Freedom's Price by Suzanne Brockmann
(Loveswept #873, $3.50, PG) ISBN 0-553-44599-5
Reader, be warned; in order to discover Freedom's Price you will need to have a very forgiving temperament to overlook the glaring inconsistencies in this book.

Liam Bartlett, gorgeous columnist of great renown for the Boston Globe is apparently wrestling with writer's block. It's unclear why it happened or if his prolonged incarceration in a prison camp in San Salustiano has anything to do with it. Fortunately, he has an understanding boss who reruns old stories for him. (Have I ever mentioned that I have the world's greatest editor, but even she is not that understanding.) But I have wandered from the description of Liam.

He can best be described as a wounded warrior on the road to redemption; however, his problem is that he is mired down, and wallowing in it. It's not like he's just gotten out of the prison camp and returned to this country, since years seemed to have passed since he spent six months in the tent of Marisala Bolivar recovering from his physical wounds.

Marisala is a beautiful lady from the landed gentry. At the age of 17, she led a group of freedom fighters in her war-torn country. The revolution over, her surviving family in the personage of her uncle has sent her to Boston to get a college education. She is now 22.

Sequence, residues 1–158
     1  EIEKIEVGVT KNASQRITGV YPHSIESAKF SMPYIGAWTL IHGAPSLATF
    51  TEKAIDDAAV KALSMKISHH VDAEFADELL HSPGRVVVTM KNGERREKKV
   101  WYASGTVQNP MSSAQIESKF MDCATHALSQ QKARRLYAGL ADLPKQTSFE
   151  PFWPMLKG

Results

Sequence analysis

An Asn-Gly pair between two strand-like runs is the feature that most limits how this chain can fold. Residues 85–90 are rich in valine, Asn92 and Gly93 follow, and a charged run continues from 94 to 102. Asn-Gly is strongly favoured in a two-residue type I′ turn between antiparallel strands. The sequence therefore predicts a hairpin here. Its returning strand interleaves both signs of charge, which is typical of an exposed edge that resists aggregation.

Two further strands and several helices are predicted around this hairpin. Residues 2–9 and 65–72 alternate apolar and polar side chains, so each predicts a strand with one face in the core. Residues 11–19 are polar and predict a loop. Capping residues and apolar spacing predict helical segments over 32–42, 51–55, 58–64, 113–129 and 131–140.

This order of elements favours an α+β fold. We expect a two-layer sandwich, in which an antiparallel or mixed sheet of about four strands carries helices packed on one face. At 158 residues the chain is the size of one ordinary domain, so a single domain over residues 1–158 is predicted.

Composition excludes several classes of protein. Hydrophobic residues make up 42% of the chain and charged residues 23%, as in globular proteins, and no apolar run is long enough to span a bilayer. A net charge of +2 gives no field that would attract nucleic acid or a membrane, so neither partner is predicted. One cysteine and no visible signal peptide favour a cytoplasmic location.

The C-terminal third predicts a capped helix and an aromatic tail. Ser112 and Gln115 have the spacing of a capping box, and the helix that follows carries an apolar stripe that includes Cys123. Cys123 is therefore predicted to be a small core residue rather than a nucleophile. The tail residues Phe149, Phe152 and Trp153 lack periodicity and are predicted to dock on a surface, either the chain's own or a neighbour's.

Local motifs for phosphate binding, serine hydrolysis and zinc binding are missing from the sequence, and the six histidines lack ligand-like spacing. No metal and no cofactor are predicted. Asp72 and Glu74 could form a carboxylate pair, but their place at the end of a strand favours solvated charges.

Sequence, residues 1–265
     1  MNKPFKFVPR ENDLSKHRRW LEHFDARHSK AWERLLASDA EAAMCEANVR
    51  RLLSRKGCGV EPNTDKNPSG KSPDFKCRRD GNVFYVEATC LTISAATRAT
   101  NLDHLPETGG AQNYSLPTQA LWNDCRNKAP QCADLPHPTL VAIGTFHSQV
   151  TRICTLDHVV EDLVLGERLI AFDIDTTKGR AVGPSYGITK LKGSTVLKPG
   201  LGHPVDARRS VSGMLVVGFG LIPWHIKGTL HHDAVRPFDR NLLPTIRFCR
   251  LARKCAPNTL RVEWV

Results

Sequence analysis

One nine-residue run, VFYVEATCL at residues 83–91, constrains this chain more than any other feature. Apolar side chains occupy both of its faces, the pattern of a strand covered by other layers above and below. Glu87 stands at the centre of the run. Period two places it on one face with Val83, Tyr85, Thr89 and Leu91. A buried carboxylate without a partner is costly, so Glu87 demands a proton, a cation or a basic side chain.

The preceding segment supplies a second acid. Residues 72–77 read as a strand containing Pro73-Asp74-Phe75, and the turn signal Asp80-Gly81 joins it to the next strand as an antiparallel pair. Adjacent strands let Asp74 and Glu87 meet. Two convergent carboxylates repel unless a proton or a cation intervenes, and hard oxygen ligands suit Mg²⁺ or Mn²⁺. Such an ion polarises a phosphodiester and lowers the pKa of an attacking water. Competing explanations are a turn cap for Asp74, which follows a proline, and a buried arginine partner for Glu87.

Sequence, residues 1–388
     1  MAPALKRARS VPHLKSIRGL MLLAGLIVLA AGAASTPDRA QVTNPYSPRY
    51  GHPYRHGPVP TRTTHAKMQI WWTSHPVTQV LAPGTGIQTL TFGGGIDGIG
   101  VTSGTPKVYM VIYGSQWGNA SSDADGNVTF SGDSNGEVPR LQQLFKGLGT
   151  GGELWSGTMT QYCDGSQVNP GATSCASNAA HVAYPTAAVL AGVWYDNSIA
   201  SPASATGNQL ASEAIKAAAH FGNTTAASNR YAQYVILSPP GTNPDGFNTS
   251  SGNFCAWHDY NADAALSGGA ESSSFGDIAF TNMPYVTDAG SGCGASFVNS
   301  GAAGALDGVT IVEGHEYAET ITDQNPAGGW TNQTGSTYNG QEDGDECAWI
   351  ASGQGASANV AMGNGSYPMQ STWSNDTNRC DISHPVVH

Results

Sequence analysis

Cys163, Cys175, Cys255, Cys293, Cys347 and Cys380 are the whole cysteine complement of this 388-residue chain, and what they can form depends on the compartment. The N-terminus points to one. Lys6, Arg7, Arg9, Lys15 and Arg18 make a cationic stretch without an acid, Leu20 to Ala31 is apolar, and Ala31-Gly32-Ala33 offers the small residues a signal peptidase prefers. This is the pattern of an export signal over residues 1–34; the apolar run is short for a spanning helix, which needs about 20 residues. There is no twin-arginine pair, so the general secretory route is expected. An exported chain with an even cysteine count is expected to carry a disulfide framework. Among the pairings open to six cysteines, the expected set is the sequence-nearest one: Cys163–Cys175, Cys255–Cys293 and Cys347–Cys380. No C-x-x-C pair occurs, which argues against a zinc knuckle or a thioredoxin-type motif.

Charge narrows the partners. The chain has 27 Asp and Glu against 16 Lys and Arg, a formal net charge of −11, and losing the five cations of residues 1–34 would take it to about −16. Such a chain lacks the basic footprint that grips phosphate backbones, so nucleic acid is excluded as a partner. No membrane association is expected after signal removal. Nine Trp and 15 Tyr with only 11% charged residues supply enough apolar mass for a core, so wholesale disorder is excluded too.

This novel opens as Marisala is being told by student housing that they have no record of a room assignment for her for the coming academic year. Liam, who has accompanied her to registration, sees no alternative but to offer his apartment as temporary lodging.

I could see this coming a mile away, but what I didn't expect was that Marisala's uncle would ask Liam to serve not only as her guardian but also as her mentor in turning a revolutionary into a lady. Twenty-two year old women don't have guardians unless they are legally incompetent in our culture, and the Pygmalion I'm familiar with didn't start with a girl from the upper class.

Why would anyone believe that a woman of Marisala's caliber needs a mentor with advice on how to dress and act? And worse yet, why would anyone of this woman's obvious intelligence calmly sit back and accept it?

Liam's problems are not postured as PTSD, and since he had some productive years since returning, why suddenly is he enjoying his misery?

As Liam and Marisala muddle along with their internal conflicts, it is hard to relate to the anguish. Liam expresses no clear goals, and Marisala is also unhappy with the naiveté of her fellow freshmen and the course content of her classes. And why is this a surprise? The novel wanders without direction until it finally concludes.

If this is your first book by Brockmann, please do not think this is representative of her talent; she is a much, much better writer than is evident from this story. If you are a fan, do yourself a favor and pick up Love With the Proper Stranger instead.

--Thea Davis

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